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Ten Principles in President Kennedy’s Vision of World Peace
JFK Peace Speech Committee, Spring 2023
  1. World peace is the most important topic on earth – something on which ignorance abounds and the truth is too rarely heard. Education is needed.
  2. Anyone who despairs of war and desires peace has a responsibility to contribute. This can begin by looking inward and examining our own attitudes toward peace, the cold war, the “other”, as well as peace and justice in our own society.
  3. True peace is not a Pax Americana imposed on the world by weapons of war. True peace makes life better for everyone. Everyone’s security concerns must be taken into account.
  4. Peace is a process, a way of solving problems. World peace, like community peace, does not require that we all love each other, but that we agree to live together in mutual tolerance, submitting our disputes to a just arbiter. World peace does not require a revolution in human nature, but an evolution in human institutions. The UN is a critical venue for fostering peace. It needs to be strengthened as a democratic forum.
  5. While the eventual goal is a complete end to war and complete general disarmament, focusing solely on this goal only invites discouragement. It is critical to grasp what can be done now, that can give momentum to the peace process and provide people with hope. What can we do today?
  6. No people, nation or system is so evil that they are without value. Our attitude is as important as theirs. Our most basic common link is that we all inhabit this small planet; we all breathe the same air; we all cherish our children’s future; and we are all mortal. Reject enemy images. Seek to understand. Take the trouble to learn what the other side is actually saying. Find common interests.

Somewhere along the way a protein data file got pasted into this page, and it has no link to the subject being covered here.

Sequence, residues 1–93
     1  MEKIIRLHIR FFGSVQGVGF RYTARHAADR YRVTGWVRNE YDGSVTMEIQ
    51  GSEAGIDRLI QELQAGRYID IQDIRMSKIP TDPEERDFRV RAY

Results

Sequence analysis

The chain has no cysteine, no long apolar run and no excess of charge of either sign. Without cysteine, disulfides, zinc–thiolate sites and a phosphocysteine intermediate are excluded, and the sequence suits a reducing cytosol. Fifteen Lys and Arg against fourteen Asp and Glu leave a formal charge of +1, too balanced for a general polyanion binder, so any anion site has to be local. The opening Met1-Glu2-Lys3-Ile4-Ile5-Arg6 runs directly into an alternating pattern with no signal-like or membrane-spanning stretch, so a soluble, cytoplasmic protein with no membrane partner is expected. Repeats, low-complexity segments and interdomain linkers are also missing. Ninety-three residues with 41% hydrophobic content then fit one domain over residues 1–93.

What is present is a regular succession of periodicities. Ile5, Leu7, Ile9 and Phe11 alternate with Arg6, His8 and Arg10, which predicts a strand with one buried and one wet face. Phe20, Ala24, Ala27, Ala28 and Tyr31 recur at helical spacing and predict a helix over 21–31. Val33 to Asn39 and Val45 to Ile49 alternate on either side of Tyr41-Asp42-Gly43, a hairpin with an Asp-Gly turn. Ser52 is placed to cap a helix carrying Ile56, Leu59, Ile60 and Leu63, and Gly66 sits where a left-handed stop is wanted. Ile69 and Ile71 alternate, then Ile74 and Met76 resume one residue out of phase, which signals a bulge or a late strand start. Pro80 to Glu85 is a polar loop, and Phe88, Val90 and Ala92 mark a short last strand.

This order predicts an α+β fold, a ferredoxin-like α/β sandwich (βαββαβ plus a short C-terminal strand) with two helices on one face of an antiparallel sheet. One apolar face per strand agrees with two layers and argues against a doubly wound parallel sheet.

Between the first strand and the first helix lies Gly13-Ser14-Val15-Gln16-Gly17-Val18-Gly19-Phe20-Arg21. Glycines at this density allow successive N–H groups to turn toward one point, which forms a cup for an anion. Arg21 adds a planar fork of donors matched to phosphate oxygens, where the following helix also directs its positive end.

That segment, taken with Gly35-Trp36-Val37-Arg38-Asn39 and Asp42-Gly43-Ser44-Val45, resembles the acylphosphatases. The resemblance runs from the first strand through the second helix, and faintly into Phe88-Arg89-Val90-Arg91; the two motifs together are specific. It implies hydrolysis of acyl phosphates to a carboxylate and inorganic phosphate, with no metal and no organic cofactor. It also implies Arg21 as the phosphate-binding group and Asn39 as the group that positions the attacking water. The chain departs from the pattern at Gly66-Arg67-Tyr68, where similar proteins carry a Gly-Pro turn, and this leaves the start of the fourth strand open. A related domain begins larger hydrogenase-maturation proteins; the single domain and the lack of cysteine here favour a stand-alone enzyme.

7. In the nuclear age, peace is a necessity. It is critical that we conduct ourselves in a way that encourages the other side to want to cooperate with us and avoids confrontations in which either side’s only options are humiliating defeat or the use of nuclear weapons.
    Partners in survival – Not Enemies. Win/Win – Not Win/Lose.
  8. There is no simple key, no grand solution. Peace is the result of many acts. Everyone has something to contribute.
  9. Peace and justice are connected. It has been said, “Peace is the order that flows from social justice.” Attend to justice and peace in our own communities.
  10. The pursuit of peace is not as dramatic as the pursuit of war and calls for peace often fall on deaf ears, but we must persist. In the final analysis peace is a human right – the right to live out our lives without the threat of annihilation, the right to a sustainable world for ourselves, our children, and future generations. No one will give us our human rights. We must organize and work to achieve them. Find allies and build solidarity.
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